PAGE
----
Japan Is Quietly Leading an Energy Revolution as Towns Move Off-Grid


japan off-grid energy systems
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Communities in Japan are turning tragedy into opportunity by transforming their energy practices. In the wake of the 2011 earthquake and tsunami, dozens of cities and towns have quietly built systems that allow them to function increasingly off-grid, rather than relying on large power stations.

The shift comes thanks to the country’s National Resilience Program, which offers 3.72 trillion yen ($33.32 billion) each fiscal year to rebuild and become more self-empowered following these natural disasters. For instance, Higashi Matsushima in northern Japan, which lost 75% of its homes and a part of its population following the 2011 disasters, constructed micro-grids and de-centralized renewable power generation with their funds. This allows the city of 40,000 to generate up to 25% of its energy (without relying on the region’s utilities) and survive for 3 days without access to the grid.

“At the time of the Great East Japan earthquake, we couldn’t secure power and had to go through incredible hardships,” said Yusuke Atsumi, a manager at HOPE, the local utility created to organize the new energy system. In fact, prior to the system, blackouts in one area would cause widespread power loss. Now, the independent system can power the area regardless of whether or not the surroundings are experiencing outages.

2011 Japan Earthquake and Tsunami - Nobiru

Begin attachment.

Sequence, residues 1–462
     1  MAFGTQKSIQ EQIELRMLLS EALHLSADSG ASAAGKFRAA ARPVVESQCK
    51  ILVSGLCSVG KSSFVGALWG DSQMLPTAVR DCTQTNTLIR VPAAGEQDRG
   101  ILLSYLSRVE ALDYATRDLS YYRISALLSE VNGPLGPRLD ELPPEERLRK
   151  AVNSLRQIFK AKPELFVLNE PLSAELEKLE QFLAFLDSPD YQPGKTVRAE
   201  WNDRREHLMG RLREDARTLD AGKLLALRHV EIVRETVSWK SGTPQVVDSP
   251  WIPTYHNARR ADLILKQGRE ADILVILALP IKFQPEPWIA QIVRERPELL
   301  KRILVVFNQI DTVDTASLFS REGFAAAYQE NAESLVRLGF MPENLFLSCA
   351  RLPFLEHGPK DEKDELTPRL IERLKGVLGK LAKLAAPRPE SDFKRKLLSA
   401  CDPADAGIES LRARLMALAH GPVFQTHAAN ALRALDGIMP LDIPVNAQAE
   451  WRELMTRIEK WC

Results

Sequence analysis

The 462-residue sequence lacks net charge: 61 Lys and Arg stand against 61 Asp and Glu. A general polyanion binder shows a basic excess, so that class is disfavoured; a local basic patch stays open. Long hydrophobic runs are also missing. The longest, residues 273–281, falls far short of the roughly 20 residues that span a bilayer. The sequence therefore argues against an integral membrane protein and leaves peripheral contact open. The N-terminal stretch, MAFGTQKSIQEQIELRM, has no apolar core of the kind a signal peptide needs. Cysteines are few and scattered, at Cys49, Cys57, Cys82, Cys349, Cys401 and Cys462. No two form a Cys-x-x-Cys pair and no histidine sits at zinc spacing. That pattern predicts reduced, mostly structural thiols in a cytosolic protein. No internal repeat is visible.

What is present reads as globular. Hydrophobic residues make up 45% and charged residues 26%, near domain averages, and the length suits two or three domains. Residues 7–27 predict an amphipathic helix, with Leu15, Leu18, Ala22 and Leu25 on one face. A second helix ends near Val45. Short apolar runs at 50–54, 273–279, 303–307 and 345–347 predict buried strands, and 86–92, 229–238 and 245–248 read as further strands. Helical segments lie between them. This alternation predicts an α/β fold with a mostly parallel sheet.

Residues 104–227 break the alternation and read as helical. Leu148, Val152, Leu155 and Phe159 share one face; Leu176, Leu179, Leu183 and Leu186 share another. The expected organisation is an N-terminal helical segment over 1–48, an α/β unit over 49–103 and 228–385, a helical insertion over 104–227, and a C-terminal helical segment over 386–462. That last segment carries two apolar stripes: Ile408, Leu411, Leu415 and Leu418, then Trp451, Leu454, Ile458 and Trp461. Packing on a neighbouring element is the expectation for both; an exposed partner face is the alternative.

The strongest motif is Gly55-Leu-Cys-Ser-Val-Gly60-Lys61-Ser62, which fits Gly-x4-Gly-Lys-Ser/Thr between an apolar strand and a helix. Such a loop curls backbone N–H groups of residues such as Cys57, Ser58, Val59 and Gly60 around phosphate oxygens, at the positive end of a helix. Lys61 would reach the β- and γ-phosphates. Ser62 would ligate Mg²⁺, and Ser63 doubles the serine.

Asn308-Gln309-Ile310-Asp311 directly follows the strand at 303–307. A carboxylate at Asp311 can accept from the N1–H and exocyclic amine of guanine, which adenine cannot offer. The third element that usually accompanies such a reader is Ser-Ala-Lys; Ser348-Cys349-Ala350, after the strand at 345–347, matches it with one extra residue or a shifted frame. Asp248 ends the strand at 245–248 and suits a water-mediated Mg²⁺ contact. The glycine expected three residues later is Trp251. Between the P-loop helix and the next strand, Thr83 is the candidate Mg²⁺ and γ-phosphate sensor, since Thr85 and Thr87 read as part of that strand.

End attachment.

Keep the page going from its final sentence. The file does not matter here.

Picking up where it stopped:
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Houses in Nobiru, Higashi-Matsushima after 2011 tsunami and earthquake. (Photo: Save the Children Canada)

These micro-grids are a surprising byproduct of terrible tragedy, but will have long-term effects in fighting climate change. Notably, since the Fukushima nuclear disaster, the country has been moving toward policies of smaller, local energy management. And by using small-scale power generation created from either natural gas, wind, or solar sources, it’s encouraging clean energy practices.

“We are moving towards a day when we won’t be building large-scale power plants,” shared Takao Kashiwagi, head of the New Energy Promotion Council and renewable energy expert. “Instead, we will have distributed power systems, where small power supply systems are in place near the consumption areas.”

This model, built from necessity, will certainly be a leading example of how, globally, countries can move toward smaller, self-sufficient energy systems. By shifting the paradigm, Japan is leading the charge, and should only increase their progress if ministries vote through the proposed 24% increase to the program’s budget for the coming fiscal year.

h/t: [Inhabitat]

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